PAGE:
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I have a MySQL 5 server and a table in it with an autoincrement on an id field (primary key). Now I want to add a record in between and so I have to increase all other ids by one. This is what I tried:

UPDATE myTable SET id=id+1 WHERE id >= 53

This doesn't work because for example a record with id = 52 already exists. How can I do this? If he would start at the last entry and makes the updates it should work I think. But how?

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The primary is intended to provide an identity for a row, not to order them. Use a separate column to specify your desired order. Changing the primary key for a row after you inserted it will only give you problems. – Mark Byers Apr 6 '12 at 12:36
what if drop and recreate autoincreament field? – user319198 Apr 6 '12 at 12:37
Dropping and recreating the column (or trying to renumber existing rows) won't work, especially if you've already used the IDs as a foreign key somewhere else. (It will break connections to existing rows.) You really should listen to @MarkByers - "Changing the primary key for a row after you inserted it will only give you problems." Also see this SO question and it's answers. – Ken White Apr 6 '12 at 12:42
Why do (you think) you need this? – ypercube Apr 6 '12 at 12:42
Logically you never need this – Shakti Singh Apr 6 '12 at 12:47

4 Answers 4

up vote 8 down vote accepted

I see no good reason for this. Only problems. Before running the folowing statement, check if you have FOREIGN keys defined, that reference this id. Are they set to ON UPDATE CASCADE? Also, do you have any triggers that are related to this table?

But first consider, why you (think you) need this. Is it going to be used for ordering the table? In that case, as @Mark pointed, you should use a separate column to specify your desired order.

If, however, you decide you really want this, use:

UPDATE myTable 
SET id = id + 1 
WHERE id >= 53
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I don't use it for ordering. Is there a quick ways to check on foreign keys with MySQL Query Browser? The same for triggers ... – testing Apr 6 '12 at 13:11
To find if there are FKs from this table to other tables, just use SHOW CREATE TABLE myTable. To find if there are FKs to this table from others, you'll have to use the information_schema database. – ypercube Apr 6 '12 at 14:18
Query to find foreign keys – ypercube Apr 6 '12 at 14:21
If I user SELECT * FROM information_schema.TABLE_CONSTRAINTS T I only see PRIMARY KEY and UNIQUE. So there should be no foreign keys. Is there also something for the triggers? – testing Apr 6 '12 at 14:43
SHOW TRIGGERS or SHOW TRIGGERS FROM database_name: Show triggers syntax in MySQL. – ypercube Apr 6 '12 at 15:21

Quick and dirty you do it in 2 steps.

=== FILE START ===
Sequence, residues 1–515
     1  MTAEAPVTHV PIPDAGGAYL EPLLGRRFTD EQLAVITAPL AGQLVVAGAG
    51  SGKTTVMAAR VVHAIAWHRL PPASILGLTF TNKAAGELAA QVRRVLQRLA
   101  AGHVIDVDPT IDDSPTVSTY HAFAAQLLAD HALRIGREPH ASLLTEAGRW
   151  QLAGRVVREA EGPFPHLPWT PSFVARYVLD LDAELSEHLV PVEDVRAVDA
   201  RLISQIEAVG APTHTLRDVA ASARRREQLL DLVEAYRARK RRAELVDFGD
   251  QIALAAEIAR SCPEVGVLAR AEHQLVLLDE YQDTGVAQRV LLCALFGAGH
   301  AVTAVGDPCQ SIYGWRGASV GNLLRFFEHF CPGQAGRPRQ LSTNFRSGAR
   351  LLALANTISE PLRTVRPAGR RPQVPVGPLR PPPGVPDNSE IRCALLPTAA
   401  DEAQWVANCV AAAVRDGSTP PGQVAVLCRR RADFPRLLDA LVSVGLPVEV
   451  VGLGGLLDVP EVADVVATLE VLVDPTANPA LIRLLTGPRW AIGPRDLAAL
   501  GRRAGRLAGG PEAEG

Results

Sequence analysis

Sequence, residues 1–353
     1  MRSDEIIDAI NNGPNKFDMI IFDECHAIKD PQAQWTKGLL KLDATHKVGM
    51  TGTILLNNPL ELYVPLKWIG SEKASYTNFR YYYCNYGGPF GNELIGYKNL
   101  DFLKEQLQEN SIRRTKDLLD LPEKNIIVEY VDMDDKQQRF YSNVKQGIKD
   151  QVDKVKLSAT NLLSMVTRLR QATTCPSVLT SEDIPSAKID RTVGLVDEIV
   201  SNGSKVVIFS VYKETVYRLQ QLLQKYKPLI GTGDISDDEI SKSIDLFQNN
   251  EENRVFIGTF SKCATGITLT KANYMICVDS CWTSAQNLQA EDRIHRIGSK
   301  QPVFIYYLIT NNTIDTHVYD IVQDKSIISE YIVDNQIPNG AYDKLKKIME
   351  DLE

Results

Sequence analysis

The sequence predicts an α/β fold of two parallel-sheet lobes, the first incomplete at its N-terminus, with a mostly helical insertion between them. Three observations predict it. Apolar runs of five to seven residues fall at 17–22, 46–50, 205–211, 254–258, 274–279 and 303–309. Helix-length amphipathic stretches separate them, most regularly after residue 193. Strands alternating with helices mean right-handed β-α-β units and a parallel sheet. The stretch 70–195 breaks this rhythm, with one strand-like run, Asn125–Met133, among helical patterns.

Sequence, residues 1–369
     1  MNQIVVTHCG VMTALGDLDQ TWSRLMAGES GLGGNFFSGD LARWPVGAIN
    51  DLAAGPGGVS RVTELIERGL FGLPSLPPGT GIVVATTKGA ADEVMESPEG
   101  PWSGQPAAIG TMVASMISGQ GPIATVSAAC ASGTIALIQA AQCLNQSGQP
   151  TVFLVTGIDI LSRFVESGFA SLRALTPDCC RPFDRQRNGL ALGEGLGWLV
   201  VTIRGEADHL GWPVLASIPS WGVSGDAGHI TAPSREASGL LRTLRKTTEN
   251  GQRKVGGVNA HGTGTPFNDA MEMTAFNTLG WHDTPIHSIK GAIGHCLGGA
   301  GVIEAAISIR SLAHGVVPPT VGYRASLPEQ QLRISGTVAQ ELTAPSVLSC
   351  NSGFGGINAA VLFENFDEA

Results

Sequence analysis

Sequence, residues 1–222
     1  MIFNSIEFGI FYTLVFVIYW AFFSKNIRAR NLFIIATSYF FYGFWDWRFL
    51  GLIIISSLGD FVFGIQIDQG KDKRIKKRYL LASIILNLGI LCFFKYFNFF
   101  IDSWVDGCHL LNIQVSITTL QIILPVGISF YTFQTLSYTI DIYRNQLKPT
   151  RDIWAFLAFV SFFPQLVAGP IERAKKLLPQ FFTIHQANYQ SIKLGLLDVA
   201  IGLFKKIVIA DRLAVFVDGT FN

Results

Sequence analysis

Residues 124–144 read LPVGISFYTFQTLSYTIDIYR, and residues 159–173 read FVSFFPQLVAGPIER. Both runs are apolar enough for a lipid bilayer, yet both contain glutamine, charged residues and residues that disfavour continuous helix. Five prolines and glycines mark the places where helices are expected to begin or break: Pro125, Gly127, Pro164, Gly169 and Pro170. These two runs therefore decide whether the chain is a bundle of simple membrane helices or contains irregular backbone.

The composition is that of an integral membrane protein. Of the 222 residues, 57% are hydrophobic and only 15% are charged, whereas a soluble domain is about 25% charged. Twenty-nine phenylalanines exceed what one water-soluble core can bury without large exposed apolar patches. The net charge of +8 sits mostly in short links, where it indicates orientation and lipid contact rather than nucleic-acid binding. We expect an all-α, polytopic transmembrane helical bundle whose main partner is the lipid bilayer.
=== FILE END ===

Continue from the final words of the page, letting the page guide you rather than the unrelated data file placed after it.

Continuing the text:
• increase the id to a number higher that all others
  • decrease all ids to the number you want

Like that

UPDATE myTable SET id=id+10000 WHERE id >= 53
UPDATE myTable SET id=id-9999 WHERE id >= 53
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I had faced same problem. And also tried with query by OP and @Romain Hoog . But not succeeded.

Finally exported data of whole table in excel and done it in excel (not one by one but using trick that makes it very fast).

then taken backup of original table recreated new table and imported data from updated excel .

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What you have done in Excel? Simply + 1 as formula? I thought about a CSV export and then editing the data here. Later with LOAD DATA INFILE "data.csv" REPLACE INTO TABLE myTable ... I could import the data. How do you have it done? – testing Apr 6 '12 at 13:26
done with drag + sign. I have imported data with UI tool not with LOAD Data. But you can do with this also . – user319198 Apr 6 '12 at 13:30
What UI tool did you used? – testing Apr 6 '12 at 13:45
EMS Sql manager Or can do with phpmyadmin – user319198 Apr 6 '12 at 14:24

I guess something like that works :

UPDATE myTable SET id=id+1 WHERE id >= (select id from myTable order by id DESC)
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@Ken: Despite being named auto_..., you can assign a value if you don't want the default auto_incremented one. – ypercube Apr 6 '12 at 12:44
@ypercube: Yuk. And thanks for the info :). Just one more reason not to use MySQL (for me, anyway). Deleting my comment above. – Ken White Apr 6 '12 at 13:42
AFAIK, the same applies to Identity columns in SQL-Server. But the usual behaviour is off course not to enter values manually. – ypercube Apr 6 '12 at 14:15
@ypercube, not without disabling the constraint first. A normal INSERT/UPDATE will ignore any value you try to assign to an identity column. That's why I said yuk about MySQL - being able to update an autoincrement column means it's not an autoincrement column. – Ken White Apr 9 '12 at 16:16
@KenWhite: You are right about the SQL-Server. SQL-Server Identity works differently than (MySQL) auto_increment. The UPDATE statement in MySQL has an even uglier "yuk" (which is the reason for the question actually). It works sequentially and not in a set operation. Yuk-yuk :) – ypercube Apr 9 '12 at 16:22

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